Long, elegant and tree-lined Vali-asr is called Tehran's Yonge Street by those familiar with both cities. Window-shoppers peer at luxury-car showrooms and fancy shops full of imported designer goods. Businessmen moan about the new express bus lanes on the west side, complaining that their well-heeled customers can't leave their cars (and drivers) idling at the curb any longer while they drop in to look at the latest offering in a fancy lingerie store.
Old Tehran still exists. South of the city's centre, in the cool shadows of Tehran's huge bazaar, beneath centuries-old arches, crowds jam the alleys. But there's also wrenching dislocation. Chinese and Indian imports are bankrupting tiny manufacturing shops and small clothing makers in what is now the world's 18th-largest economy.
At street-side coffee stands or high-priced restaurants, Iranians gossip about politics and hope, with apparent unanimity, that the looming confrontation with the United States will be defused.
When the talk shifts to domestic politics, the hot topic is whether Mohammed-Baqer Qalibaf, the hard-driving, pragmatic and wily mayor of Tehran, who has built a reputation for getting things done, will take a run at the presidency next year.
He has already clashed with President Mahmoud Ahmadinejad, the hard-liner who is on the outs with the top religious leadership and also was once mayor of Tehran.
So closely do Tehranis dissect the tea leaves of their murky politics that there's complex debate over whether Mr. Qalibaf is deliberately allowing huge revolutionary murals that covered some buildings to fade in parts of Tehran where they are unpopular, while repainting them in even more vivid colours in neighbourhoods where revolutionary fervour remains strong.
Mr. Qalibaf, a former Revolutionary Guard commander with a proven combat record and a growing power base in the capital, has been trying to build political bridges abroad – for instance, rubbing shoulders with world leaders at Davos. However, plans to visit the United States for a transit conference were blocked – apparently by Mr. Ahmadinejad.
There's much grumbling, mainly about prices. International sanctions aren't blamed, but rather the government's reduction of subsidies on everything from gasoline (still only 50 cents a litre) to foodstuffs.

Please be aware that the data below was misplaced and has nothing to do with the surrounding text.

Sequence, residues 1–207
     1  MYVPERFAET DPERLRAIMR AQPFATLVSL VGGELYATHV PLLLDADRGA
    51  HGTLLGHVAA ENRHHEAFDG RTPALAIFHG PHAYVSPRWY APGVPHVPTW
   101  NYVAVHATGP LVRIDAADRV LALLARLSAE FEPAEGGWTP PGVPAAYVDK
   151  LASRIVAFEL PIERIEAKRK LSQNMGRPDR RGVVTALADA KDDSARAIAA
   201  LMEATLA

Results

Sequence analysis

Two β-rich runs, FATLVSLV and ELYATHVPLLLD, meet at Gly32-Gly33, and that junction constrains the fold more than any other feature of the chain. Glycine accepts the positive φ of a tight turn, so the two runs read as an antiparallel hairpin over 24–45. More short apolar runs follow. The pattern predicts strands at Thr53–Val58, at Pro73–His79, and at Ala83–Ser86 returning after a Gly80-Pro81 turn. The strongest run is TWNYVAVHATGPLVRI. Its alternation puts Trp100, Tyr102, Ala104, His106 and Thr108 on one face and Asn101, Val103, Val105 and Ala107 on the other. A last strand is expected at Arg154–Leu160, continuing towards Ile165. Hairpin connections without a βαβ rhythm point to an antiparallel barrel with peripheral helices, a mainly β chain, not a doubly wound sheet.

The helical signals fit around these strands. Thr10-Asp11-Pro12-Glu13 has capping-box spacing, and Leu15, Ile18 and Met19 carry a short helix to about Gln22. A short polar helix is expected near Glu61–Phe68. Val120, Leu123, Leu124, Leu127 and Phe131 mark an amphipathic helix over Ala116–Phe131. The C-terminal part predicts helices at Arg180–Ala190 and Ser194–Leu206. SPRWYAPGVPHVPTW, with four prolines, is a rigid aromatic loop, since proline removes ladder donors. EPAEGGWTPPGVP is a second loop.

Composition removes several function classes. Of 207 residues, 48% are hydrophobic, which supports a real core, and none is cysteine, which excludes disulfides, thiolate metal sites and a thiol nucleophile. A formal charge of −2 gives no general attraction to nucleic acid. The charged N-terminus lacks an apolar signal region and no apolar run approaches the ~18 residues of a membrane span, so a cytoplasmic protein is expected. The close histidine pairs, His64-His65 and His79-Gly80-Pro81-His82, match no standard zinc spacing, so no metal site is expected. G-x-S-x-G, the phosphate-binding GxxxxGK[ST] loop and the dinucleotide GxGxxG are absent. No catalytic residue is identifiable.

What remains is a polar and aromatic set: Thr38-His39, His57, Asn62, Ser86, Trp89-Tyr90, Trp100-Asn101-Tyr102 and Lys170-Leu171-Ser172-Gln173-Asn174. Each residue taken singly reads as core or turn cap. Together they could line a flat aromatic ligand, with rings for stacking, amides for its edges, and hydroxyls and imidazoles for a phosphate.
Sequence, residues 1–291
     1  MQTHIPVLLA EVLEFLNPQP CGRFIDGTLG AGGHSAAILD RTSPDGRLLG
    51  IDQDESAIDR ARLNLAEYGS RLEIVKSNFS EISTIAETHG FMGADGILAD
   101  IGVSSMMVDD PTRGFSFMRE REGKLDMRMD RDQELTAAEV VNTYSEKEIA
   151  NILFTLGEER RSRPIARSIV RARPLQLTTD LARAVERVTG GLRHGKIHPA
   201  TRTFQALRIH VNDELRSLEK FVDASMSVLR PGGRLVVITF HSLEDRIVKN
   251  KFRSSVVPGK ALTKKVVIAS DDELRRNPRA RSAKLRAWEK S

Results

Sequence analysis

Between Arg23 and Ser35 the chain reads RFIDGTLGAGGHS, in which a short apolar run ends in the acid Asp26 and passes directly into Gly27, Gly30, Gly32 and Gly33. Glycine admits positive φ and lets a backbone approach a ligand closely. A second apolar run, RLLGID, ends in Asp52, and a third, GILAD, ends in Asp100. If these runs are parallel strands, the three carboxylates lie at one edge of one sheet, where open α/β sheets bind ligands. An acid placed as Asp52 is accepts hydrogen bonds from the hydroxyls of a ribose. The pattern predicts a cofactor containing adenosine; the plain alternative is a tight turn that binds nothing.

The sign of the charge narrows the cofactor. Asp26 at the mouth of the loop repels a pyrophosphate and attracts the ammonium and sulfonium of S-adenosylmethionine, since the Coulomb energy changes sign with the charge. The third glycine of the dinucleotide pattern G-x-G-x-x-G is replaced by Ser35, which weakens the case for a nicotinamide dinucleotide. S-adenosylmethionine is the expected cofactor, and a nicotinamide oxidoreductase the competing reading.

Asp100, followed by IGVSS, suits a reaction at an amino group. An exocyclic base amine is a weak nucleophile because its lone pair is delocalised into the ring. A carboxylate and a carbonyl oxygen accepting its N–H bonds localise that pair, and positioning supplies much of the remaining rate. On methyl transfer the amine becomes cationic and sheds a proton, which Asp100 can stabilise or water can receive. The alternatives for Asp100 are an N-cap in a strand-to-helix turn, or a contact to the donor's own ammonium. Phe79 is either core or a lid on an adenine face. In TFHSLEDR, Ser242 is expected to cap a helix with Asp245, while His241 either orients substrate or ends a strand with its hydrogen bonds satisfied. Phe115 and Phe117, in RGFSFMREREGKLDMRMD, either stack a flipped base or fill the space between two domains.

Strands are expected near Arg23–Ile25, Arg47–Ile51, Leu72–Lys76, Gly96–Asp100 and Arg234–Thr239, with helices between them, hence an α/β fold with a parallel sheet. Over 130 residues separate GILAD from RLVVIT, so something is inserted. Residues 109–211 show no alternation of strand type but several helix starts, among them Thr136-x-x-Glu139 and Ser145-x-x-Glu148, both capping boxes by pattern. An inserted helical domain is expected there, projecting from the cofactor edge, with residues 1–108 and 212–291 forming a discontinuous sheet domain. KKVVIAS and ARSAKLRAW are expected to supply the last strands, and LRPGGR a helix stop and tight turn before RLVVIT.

In place of across-the-board subsidies, the government created a set of direct payments to the poorest to cushion the impact of price hikes, a scheme that seems to have worked. Even the International Monetary Fund gave it high marks. "My monthly expenses have more than tripled but somehow I can still manage. Everyone manages, it's the way we are," a teacher says.
More quietly, many are furious about endemic corruption and – unlike most subjects – are afraid to talk too much about it.
Some things haven't changed. The huge, walled complex that was once the U.S. embassy in the heart of Tehran remains a ghostly reminder of the takeover in 1979. Once a museum, then an "education centre," the buildings seem frozen in time, now mostly deserted and guarded by only a few bored basiji, the paramilitary "civilian volunteers" of the revolution who zealously engage in policing moral transgressions and were front-and-centre in cracking down on anti-government protests in 2009.
"No matter how hard they try, America can't crush us," boasts a basiji, although he is far too young to remember the 1979 revolution that ousted the pro-Western shah and created an Islamic regime.
But even Iranians who quietly oppose the ruling theocracy (and no one dares publicly oppose it after the crushing of the 2009 demonstrations) believe the country has been badly miscast and is subject to an unwarranted double standard.
"We didn't invade Afghanistan but we looked after millions of Afghan refugees," said a musician with no links to the government. "I don't want Iran to have nuclear weapons but I don't understand why it's okay for Israel to have them," he added.
At the other end of the political spectrum, a woman who came back to Tehran after decades of self-imposed exile in France, remains bitterly disappointed that anti-government dissent has been crushed or scattered.
"This is an old, sophisticated society with a great history and literature," she said. "Iran isn't going to disappear, it will be a major player no matter who is in power."